Thursday, September 3, 2015

The Songs and Sonnets of William Shakespeare illustrated by Charles Robinson

Hark, hark ! the lark at heaven's gate sings,
And Phoebus 'gins arise.'

On a day alack the day !
Love, whose month is ever May,
Spied a blossom passing fair
Playing in the wanton air.

These lovers cry Oh! oh! they die!

How much more praise deserved thy beauty's use,
If thou couldst answer ' This fair child of mine
Shall sum my count and make my old excuse,'
Proving his beauty by succession thine !

Mark how one string, sweet husband to another,
Strikes each in each by mutual ordering,
Resembling sire and child and happy mother
Who all in one, one pleasing note do sing :
Whose speechless song, being many, seeming
Sings this to thee :
' thou single wilt prove none.'

Mine eye and heart are at a mortal
How to divide the conquest of
thy sight ;
Mine eye my heart thy picture's
sight would bar,
My heart mine eye the freedom
of that right.

Not marble, nor the gilded monuments
Of princes, shall outlive this
powerful rhyme ;
But you shall shine more bright
in these contents
Than unswept stone besmear'd
with sluttish time.

SOME glory in their birth, some in
their skill,
Some in their wealth, some in
their bodies' force,
Some in their garments, though
new-fangled ill,
Some in their hawks and hounds,
some in their horse .

Thy registers and thee I both defy,
Not wondering at the present nor the past,
For thy records and what we see do lie,
Made more or less by thy continual haste.

This I do vow and this shall ever be ;
I will be true, despite thy scythe and thee

My mistress' eyes are nothing like
the sun ;
Coral is far more red than her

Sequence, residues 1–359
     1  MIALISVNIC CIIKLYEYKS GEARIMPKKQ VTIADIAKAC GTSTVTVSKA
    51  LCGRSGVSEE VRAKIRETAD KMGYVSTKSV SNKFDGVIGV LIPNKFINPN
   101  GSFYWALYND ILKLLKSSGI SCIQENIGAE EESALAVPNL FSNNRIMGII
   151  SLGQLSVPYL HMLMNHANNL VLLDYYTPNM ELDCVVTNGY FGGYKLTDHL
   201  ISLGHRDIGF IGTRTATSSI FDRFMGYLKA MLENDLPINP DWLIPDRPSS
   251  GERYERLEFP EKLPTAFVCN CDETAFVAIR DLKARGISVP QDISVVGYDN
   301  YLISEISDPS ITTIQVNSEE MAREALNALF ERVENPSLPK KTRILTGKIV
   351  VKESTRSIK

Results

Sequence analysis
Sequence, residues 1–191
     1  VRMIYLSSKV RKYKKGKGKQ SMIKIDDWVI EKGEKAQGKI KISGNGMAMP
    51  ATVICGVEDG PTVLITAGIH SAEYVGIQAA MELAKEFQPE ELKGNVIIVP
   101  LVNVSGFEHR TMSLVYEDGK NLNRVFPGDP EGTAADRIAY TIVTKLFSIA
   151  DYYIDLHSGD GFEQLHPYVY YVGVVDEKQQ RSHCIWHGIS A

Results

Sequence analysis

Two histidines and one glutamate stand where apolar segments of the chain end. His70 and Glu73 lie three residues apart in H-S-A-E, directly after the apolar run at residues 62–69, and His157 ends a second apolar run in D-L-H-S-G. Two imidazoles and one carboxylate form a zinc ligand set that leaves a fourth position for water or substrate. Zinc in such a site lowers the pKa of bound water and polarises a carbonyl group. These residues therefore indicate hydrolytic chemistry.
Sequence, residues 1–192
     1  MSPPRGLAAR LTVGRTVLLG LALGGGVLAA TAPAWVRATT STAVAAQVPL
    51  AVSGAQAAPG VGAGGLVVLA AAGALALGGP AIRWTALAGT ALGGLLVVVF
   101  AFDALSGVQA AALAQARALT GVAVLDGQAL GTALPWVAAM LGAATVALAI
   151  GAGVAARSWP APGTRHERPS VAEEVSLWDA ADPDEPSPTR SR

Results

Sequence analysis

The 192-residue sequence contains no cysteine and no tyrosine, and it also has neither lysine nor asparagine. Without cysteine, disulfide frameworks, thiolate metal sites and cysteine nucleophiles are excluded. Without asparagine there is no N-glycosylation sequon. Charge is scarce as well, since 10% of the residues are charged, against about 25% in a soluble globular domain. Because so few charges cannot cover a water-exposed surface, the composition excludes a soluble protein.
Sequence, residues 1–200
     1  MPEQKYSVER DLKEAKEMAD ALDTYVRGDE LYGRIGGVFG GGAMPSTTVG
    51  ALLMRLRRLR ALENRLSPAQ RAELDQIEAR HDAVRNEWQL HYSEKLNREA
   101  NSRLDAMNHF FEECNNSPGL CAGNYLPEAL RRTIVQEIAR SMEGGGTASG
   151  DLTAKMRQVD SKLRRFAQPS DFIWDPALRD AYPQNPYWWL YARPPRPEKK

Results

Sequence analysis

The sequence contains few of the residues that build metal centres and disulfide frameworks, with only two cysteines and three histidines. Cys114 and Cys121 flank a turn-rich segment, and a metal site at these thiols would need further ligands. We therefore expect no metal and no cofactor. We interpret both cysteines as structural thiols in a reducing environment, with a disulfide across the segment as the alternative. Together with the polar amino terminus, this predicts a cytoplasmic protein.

lips' red ;
If snow be white, why then her
breasts are dun ;
If hairs be wires, black wires
grow on her head.

She burn'd with love, as straw with fire flameth ;
She burn'd out love, as soon as straw out-burneth ;
She framed the love, and yet she foil'd the framing ;
She bade love last, and yet she fell a-turning.
Was this a lover, or a lecher whether ?
Bad in the best, though excellent in neither.

From off a hill whose concave
womb re-worded
A plaintful story from a sistering
My. spirits to attend this double
voice accorded,
And down I laid to list the sadtuned
tale ;
Ere long espied a fickle maid full pale,
Tearing of papers, breaking rings a-twain,
Storming her world with sorrow's wind and rain.

Monday, August 31, 2015

A Wonder Book by Nathaniel Hawthorne illustrated by Arthur Rackham

This frontispiece is only found in the edition of  Hodder & Stoughton, 1922, opposite page 3. Later editions have a reduced number of colour plates and show other pictures as a frontispiece.

George H.Doran & Company, first US edition

 And when Perseus was a very little boy, some wicked people put his mother and himself into a chest, and set them afloat upon the sea. The wind blew freshly, and drove the chest away from the shore, and the uneasy billows tossed it up and down; while Danaë clasped her child closely to her bosom...

 As Perseus walked along, therefore, the people pointed after him, and made mouths, and winked to one another, and ridiculed him as loudly as they dared.

The Three Gray Women: But here the third sister, whose name was Shake joint, began to complain, and said that it was her turn to have the eye, and that Scarecrow and Nightmare wanted to keep it all to themselves. To end the dispute, old Dame Scarecrow took the eye out of her forehead, and held it forth in her hand.

 Edition:  Hodder & Stoughton, London 1922

When Jack Frost stretches out his finger and turns all the trees to red and gold, he will tell you of King Midas and the golden touch.

 To his great perplexity, however, excellent as the glasses were, he discovered that he could not possibly see through them. But this was the most natural thing in the world;  for, on taking them off, the transparent crystals turned out to be plates of yellow metal, and, of course, were worthless as spectacles, though valuable as gold.